The Road to Nowhere

The Road to Nowhere


In reiterating his vision for the Middle East–two states living side by side in peace and security–George W. Bush failed to lay out a viable path for reaching this essential goal. Israeli commentators agreed that Bush’s long-delayed speech, in which his support for a provisional Palestinian state was so hedged as to be nearly meaningless, could have been written by Ariel Sharon. David Landau wrote in Ha’aretz: “Yasser Arafat, the seemingly immortal leader of the Palestinian national movement, was politically assassinated” by the US President. Thus, Bush brushed aside a democratically elected leader while calling for more democracy, simplistically made Arafat the problem and his removal the condition for a solution, and opened a rift with US allies.

The plan–favored by the pro-Sharon hard-liners in the Administration, led by Dick Cheney and Donald Rumsfeld–is a victory for political expediency, but it does nothing to disempower the extremists on both sides. To have any chance of damping down terrorist violence, Washington had to offer the Palestinian people some hope of statehood, of control over their collective future. But Bush failed to call for an immediate withdrawal of Israeli forces from the West Bank and gave Sharon a green light for reoccupation, thereby endorsing the continuation of a failed policy. For Israel’s military incursions do not stop, and indeed foment, suicide bombers’ atrocities, as Israeli Defense Minister Benjamin Ben-Eliezer pointed out. And if, as seems likely, the latest operation also fails, it will breed more violence and drain not only the devastated Palestinian economy but Israel’s–itself nearing collapse.

While Bush was right to call for the withdrawal of Israeli forces to pre-intifada lines and for a halt in settlement building, he left those actions to be accomplished in some vague middle distance after violence is ended–meaning whenever Israel decides to de-occupy. For the long term, Bush urged an end to the cruel occupation and the creation of a democratic Palestinian state. But the vision he offered is so conditioned, set so far in the future and so vulnerable to American and Israeli interpretations that it offers little incentive for moderate Palestinians–such as the more than fifty intellectuals who recently called for a halt to suicide bombings–to risk their lives trying to curb the radical elements of Hamas and Islamic Jihad.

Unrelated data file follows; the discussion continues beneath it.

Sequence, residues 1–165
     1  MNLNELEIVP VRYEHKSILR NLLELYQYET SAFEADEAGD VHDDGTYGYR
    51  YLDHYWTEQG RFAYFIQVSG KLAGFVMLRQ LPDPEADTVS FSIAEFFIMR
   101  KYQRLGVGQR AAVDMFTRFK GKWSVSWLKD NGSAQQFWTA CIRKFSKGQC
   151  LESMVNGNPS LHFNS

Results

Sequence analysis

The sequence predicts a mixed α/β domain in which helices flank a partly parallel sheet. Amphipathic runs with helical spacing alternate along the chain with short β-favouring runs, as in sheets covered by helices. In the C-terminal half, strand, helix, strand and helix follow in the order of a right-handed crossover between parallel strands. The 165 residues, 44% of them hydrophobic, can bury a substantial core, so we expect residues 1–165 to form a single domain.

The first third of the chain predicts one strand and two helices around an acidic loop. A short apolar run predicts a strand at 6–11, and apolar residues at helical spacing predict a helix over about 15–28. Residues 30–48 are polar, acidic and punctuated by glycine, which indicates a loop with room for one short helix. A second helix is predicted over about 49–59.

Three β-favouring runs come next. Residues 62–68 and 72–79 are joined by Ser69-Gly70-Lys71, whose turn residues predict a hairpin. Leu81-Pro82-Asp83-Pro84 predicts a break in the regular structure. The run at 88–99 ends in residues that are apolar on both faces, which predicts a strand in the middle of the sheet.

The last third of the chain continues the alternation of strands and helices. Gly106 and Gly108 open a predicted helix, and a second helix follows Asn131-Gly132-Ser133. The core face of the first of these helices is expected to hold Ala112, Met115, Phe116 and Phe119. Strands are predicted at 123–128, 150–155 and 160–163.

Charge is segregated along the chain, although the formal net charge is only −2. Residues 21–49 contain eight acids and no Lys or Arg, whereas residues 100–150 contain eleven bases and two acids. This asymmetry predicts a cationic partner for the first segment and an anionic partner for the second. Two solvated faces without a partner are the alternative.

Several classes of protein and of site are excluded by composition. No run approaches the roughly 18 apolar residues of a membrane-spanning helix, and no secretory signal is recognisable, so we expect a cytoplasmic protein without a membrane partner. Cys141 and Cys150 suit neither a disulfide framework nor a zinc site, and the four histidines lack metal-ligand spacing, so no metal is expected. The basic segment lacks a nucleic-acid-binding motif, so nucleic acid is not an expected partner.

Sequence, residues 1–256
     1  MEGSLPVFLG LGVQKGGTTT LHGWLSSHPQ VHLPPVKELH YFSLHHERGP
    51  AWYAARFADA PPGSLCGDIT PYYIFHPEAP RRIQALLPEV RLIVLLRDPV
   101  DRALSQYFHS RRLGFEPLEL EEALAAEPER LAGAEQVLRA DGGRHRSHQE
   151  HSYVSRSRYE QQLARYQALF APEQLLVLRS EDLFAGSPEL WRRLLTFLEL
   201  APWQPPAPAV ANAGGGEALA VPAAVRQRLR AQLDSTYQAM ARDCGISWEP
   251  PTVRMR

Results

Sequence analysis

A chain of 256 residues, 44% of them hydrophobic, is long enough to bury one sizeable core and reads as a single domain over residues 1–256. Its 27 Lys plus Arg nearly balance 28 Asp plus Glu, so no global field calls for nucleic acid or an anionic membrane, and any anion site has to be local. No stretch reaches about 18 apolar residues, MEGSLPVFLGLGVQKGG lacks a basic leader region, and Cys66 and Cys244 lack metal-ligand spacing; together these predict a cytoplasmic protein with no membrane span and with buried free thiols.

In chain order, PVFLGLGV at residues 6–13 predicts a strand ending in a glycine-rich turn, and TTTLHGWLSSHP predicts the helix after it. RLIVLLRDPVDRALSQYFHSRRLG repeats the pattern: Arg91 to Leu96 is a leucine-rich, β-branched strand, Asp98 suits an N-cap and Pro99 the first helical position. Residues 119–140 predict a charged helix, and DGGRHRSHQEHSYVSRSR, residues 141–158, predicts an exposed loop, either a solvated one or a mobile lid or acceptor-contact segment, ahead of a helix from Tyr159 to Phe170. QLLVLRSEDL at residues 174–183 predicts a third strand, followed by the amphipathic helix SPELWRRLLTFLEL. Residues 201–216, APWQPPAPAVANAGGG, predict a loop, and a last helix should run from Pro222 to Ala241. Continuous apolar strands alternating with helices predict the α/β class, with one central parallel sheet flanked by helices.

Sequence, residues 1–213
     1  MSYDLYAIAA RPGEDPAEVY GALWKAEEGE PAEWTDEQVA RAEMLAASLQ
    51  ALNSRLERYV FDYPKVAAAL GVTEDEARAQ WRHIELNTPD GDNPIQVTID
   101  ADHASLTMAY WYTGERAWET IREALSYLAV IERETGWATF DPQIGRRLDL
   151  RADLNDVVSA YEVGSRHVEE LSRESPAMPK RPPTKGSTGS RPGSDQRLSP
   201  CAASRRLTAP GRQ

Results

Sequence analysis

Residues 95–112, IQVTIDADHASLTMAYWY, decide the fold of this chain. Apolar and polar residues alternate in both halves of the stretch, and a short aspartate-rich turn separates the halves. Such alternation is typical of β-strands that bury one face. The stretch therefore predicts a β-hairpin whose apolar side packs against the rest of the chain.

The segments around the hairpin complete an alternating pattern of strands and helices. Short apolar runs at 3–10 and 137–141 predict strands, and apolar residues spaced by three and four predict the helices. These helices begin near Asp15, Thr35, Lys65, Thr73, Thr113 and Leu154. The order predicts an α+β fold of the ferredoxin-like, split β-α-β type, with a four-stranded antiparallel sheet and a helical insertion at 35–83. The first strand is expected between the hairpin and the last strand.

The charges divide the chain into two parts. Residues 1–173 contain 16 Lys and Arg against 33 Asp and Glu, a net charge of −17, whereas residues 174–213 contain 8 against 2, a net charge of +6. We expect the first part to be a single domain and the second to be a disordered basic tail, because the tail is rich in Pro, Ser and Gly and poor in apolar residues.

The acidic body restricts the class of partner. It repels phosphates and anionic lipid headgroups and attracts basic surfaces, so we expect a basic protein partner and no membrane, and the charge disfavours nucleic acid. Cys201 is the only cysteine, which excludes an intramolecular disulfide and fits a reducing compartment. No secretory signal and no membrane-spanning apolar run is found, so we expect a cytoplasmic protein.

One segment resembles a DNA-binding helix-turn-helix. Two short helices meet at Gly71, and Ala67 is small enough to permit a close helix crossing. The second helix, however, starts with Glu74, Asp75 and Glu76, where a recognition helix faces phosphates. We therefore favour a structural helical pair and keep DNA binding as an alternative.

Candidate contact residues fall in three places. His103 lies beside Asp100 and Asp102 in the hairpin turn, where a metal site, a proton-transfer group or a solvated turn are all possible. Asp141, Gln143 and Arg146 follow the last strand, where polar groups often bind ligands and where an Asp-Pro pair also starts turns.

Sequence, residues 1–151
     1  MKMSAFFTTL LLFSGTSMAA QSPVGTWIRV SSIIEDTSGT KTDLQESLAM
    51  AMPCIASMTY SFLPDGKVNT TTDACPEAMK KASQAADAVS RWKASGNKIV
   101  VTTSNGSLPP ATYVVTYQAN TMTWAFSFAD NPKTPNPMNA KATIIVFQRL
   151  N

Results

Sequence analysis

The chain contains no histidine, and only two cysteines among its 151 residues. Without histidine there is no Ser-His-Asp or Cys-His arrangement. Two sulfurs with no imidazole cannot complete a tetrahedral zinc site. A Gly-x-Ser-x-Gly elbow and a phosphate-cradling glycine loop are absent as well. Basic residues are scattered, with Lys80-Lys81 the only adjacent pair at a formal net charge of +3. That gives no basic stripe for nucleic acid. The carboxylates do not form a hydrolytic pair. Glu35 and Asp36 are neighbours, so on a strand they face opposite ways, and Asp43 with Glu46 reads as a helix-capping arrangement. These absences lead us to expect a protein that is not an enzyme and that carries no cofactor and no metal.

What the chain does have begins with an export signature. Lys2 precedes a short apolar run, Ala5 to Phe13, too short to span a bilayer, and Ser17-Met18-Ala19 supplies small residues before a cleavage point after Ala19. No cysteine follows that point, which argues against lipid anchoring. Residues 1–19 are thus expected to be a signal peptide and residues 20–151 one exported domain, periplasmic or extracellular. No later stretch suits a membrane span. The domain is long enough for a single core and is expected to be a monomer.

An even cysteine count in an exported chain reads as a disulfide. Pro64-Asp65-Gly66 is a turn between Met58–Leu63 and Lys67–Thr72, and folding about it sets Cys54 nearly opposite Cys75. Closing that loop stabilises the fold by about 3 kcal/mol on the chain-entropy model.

Arafat’s leadership has been corrupt and autocratic; democratic reforms in the Palestinian Authority are needed. But what hope can those Palestinians committed to reform have when Israeli tanks are rumbling in their streets, their institutions and infrastructure are shattered, their compatriots under house arrest?

Bush did not even mention the international conference the Saudis and other nations requested to spur final-status talks. He said nothing about how the international community is to be mobilized to help the Palestinians achieve reforms. If he had made the bold gesture history demanded of him, he would have set a clear timeline for Palestinian statehood and called for an end to the Israeli invasion, dismantling of settlements, insertion of international forces and a firm US and international financial commitment to Palestinian nation-building and reform, including efforts to insure that the elections now set for January are free and fair. Instead, he temporized, and so, more Israelis and Palestinians will die.

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